Craigella: An improved version of Ailsa Craig – the flavour has been maintained but the danger of greenback has been removed.

F1 Hybrid varieties
This group bears fruit which is smaller in appearance to the ordinary varieties, but these modern crosses have two important advantages – they are generally heavier yielding and also have a high degree of disease resistance.
Eurocross: A good choice for the heated house – large fruits borne on leaf-mould resistant plants. It is immune to greenback.
Supercross: The fruit are the same shape and size as Moneymaker, but it is even more disease resistant than its close relative Eurocross. Tolerance to mosaic virus has been added.
Amberley Cross: An early and heavy cropper which is a replacement for the old favourite Ware Cross.
Shirley: Not in many catalogues, but few varieties have more plus points – resistant to leaf mould, virus and greenback plus heavy yields and early cropping. It is not troubled by a cold spell and the space between leaves is short.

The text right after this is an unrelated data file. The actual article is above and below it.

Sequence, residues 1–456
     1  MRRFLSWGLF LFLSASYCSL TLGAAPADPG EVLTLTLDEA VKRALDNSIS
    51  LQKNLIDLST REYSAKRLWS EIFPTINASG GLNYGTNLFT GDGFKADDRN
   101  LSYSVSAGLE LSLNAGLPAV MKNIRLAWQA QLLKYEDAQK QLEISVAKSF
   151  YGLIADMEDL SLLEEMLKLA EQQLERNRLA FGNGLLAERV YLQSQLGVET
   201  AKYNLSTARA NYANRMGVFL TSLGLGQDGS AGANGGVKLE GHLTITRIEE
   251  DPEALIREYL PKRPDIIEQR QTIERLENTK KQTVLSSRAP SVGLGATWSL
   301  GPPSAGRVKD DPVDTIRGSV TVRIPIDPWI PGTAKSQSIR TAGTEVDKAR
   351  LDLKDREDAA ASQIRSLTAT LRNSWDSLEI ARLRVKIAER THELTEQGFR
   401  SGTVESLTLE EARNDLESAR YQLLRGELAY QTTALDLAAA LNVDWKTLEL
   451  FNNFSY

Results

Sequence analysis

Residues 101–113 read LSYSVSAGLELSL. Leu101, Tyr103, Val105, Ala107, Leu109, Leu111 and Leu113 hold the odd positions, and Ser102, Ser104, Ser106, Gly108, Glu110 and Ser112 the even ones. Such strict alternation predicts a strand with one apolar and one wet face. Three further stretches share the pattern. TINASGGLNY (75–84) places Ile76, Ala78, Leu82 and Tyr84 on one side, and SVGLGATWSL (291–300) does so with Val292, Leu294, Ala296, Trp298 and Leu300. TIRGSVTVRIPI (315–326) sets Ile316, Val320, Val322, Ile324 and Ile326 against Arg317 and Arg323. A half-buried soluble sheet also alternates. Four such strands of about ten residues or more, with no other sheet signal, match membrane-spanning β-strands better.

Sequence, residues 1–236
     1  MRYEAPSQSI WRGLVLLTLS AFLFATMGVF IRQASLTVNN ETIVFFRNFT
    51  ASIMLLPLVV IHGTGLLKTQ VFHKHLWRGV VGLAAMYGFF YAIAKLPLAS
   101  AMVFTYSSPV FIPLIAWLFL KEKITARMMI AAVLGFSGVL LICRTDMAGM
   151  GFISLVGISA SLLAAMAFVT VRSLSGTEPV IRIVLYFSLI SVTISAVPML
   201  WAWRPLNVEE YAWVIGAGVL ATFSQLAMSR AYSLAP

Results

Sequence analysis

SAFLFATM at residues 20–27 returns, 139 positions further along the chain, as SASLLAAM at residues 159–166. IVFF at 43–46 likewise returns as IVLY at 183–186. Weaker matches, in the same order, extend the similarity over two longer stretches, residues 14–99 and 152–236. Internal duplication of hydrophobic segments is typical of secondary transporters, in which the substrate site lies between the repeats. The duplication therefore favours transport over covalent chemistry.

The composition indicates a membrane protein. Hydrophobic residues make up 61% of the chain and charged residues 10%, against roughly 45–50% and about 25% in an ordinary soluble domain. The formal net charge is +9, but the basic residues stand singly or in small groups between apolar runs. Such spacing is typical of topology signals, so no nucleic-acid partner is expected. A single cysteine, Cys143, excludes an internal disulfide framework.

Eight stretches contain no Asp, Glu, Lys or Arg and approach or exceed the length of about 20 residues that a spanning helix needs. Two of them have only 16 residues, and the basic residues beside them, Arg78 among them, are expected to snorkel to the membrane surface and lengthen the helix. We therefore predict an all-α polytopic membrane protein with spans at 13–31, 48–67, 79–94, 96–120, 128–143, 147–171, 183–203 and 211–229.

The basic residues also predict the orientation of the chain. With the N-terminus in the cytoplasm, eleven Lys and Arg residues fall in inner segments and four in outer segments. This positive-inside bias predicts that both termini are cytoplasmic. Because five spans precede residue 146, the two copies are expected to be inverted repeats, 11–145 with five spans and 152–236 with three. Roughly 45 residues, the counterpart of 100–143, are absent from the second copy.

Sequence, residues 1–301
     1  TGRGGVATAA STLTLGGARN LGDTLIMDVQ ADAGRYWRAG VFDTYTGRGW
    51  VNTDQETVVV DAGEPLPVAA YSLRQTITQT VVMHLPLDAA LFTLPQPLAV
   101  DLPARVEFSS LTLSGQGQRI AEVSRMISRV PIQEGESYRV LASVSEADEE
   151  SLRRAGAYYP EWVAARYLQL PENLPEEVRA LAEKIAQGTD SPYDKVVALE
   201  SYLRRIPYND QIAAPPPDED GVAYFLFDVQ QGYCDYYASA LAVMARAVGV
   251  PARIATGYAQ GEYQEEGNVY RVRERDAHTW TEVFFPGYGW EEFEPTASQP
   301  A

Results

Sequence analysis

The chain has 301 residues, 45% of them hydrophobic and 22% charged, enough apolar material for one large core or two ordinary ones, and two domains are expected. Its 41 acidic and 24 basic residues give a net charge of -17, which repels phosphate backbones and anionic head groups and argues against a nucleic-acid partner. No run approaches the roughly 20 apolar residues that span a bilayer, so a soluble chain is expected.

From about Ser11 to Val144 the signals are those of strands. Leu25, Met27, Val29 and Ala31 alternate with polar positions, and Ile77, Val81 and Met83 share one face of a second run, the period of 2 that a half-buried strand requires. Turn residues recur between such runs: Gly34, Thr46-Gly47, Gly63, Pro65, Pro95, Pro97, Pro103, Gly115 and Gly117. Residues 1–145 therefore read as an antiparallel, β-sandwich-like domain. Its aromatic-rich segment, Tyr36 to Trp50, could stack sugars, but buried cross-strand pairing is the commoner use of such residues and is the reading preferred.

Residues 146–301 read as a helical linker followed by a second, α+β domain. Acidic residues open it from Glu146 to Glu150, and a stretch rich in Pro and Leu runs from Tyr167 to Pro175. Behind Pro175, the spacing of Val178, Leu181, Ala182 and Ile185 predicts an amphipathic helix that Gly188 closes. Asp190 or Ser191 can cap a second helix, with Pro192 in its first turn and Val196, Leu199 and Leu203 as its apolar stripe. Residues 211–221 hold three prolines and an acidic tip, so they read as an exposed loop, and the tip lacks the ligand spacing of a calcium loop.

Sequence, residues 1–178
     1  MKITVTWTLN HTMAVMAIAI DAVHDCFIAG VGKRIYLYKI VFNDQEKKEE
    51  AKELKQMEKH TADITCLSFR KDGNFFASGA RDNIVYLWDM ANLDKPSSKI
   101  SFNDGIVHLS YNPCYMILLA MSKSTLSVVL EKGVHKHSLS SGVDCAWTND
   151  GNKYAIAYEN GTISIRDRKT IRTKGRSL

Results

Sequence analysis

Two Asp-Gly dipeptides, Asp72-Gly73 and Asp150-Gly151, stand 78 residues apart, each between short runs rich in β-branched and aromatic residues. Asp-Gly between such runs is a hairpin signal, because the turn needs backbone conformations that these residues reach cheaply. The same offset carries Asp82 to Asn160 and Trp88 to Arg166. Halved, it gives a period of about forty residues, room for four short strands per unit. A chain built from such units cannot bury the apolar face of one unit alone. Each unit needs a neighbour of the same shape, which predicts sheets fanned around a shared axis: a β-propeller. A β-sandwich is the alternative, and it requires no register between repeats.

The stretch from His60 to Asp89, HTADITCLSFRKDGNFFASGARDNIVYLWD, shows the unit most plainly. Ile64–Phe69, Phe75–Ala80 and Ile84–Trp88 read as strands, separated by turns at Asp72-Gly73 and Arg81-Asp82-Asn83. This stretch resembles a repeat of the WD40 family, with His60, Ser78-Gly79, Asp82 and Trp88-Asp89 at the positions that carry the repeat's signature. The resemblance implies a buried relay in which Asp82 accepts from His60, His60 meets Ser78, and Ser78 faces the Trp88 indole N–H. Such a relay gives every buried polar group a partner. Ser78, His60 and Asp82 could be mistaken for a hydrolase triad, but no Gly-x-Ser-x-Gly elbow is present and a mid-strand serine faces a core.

Grenadier: A heavy-cropper which produces fairly large fruits. They have good keeping qualities and are free from greenback. Resistant to leaf mould.
Herald: The F1 hybrid to choose for top flavour, according to some experts. Early and resistant to leaf mould.
Curabel: The variety from which Shirley was selected – an alternative choice if your stockist doesn’t sell Shirley.
Grower’s Pride: An excellent all-rounder – early, reliable, disease resistant and vigorous. No faults, no special virtues.
Red Ensign: One property makes it stand out from the crowd – the first truss sets much more freely than on the average F1 hybrid.
MM: Moneymaker brought up to date – early ripening, good resistance to leaf mould and greenback, improved flavour and greater vigour.

Beefsteak varieties